Politics today is inextricably bound to the media, indeed it is now a routine assumption that the media can determine election outcomes. Consequently, over the last twenty years, the conduct of politics has become increasingly driven by what might "play well" on television or in the press. Election campaigning, budgets, party platforms, and even the contents of legislative bills are dominated by media considerations.Westminster Tales explores how that relationship works in practice. What sort of deals are done between politicians and journalists? What tactics do politicians use to try and manipulate the media? What are journalists' techniques of resistance? What determines how a campaign is put together? Have policy issues and the national good really been surrendered to image-making and sound-bite tactics?Barnett and Gaber examine the modern process of political communication through the eyes of the many actors now involved. Through their own experiences, and through personal interviews conducted with many of the key media and political figures, they construct a vivid picture of how political communication is managed today and the direction in which it is going.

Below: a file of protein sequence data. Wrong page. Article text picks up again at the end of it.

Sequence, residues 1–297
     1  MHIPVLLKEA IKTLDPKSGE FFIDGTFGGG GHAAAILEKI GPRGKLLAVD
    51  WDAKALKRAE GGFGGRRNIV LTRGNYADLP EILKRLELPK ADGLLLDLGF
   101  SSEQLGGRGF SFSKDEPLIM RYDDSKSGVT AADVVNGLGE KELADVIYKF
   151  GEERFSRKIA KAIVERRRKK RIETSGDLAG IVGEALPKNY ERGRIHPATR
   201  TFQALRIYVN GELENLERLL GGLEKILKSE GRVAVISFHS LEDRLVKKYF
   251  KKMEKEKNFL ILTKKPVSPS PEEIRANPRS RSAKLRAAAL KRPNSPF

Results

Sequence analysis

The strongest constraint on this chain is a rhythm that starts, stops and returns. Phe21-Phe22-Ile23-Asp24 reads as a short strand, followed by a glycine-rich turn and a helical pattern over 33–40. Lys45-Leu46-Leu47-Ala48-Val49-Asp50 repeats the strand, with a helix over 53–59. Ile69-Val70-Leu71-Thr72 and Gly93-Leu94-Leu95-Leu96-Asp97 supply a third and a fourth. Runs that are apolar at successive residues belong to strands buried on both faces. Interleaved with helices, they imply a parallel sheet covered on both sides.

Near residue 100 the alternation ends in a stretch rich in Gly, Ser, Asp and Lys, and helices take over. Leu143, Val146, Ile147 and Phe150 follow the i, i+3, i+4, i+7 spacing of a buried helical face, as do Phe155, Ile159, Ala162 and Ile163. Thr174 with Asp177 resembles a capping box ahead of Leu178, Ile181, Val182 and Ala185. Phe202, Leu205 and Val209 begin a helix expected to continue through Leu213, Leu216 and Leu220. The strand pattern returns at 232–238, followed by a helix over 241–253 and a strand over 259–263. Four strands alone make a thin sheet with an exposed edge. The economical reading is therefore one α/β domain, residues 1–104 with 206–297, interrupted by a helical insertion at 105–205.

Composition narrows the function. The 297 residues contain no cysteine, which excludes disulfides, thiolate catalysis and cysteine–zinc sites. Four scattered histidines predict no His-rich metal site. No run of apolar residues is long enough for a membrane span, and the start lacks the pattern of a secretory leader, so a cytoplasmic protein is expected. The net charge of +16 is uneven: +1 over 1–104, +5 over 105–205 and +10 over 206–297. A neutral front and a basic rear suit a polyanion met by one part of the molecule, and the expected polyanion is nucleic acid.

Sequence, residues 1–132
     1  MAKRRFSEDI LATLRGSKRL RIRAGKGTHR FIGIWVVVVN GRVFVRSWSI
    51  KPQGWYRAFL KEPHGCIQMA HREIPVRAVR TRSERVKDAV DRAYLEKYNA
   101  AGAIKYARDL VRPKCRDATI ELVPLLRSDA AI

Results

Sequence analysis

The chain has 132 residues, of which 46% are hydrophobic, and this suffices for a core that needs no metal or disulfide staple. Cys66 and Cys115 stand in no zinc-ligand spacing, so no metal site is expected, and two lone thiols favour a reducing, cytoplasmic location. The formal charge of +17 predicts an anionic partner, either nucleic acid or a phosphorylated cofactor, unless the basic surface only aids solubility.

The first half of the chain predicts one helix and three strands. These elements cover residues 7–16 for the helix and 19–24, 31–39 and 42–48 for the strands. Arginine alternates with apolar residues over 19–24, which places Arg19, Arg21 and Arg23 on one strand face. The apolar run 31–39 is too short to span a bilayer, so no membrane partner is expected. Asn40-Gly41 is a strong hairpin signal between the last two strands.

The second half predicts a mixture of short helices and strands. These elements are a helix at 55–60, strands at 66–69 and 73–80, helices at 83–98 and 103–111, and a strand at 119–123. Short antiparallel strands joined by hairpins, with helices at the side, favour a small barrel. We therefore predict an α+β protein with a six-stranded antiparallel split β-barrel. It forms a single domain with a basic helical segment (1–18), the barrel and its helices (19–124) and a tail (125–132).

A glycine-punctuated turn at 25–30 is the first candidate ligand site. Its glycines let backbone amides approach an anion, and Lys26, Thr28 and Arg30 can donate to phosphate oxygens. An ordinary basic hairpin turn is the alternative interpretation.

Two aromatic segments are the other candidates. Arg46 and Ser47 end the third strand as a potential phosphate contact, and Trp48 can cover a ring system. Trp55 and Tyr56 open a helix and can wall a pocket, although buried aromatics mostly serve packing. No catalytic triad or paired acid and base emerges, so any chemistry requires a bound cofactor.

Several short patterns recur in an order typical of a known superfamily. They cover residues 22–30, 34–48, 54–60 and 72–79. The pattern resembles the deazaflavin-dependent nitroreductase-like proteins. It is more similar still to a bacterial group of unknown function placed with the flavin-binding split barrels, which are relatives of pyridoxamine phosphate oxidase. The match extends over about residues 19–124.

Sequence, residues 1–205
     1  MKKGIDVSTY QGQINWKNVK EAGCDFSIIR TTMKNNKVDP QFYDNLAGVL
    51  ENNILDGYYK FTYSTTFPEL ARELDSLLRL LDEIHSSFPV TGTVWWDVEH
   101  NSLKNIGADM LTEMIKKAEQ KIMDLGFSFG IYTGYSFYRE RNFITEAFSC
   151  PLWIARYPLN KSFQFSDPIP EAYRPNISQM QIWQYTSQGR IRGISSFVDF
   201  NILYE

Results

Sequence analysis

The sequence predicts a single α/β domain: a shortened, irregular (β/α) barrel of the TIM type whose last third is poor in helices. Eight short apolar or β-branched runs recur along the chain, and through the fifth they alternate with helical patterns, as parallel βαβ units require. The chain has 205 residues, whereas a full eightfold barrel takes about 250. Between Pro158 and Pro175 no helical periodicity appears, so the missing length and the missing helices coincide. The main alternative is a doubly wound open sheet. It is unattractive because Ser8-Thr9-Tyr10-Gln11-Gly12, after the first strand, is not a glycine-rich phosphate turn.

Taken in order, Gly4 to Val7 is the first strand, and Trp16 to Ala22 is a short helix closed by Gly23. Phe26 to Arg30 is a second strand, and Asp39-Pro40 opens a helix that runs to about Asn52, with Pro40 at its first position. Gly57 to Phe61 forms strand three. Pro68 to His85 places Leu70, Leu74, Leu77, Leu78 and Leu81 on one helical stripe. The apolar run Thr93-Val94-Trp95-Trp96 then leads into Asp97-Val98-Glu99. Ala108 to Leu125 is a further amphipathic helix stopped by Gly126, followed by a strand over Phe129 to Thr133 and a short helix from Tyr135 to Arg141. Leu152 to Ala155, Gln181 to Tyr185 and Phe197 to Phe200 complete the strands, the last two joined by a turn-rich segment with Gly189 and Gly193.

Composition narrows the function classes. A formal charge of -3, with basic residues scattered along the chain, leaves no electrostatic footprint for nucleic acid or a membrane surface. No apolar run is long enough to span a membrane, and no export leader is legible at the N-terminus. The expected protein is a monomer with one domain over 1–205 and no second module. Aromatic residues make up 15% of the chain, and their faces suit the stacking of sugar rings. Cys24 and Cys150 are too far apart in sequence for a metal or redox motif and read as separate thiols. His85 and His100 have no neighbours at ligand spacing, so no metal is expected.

Barnett and Gaber s Westminster Tales sets spin within the context of more enduring academic debates concerning the balance of power between media and politicians and the quality of public communication argument driven short and punchy. Political Communications, 2004 "Because Steven Barnett and Ivor Gaber both know a lot about British broadcasting, another strength of their book is its useful account of the major political broadcasting controversies of the 1990s." The Times Higher Education Supplement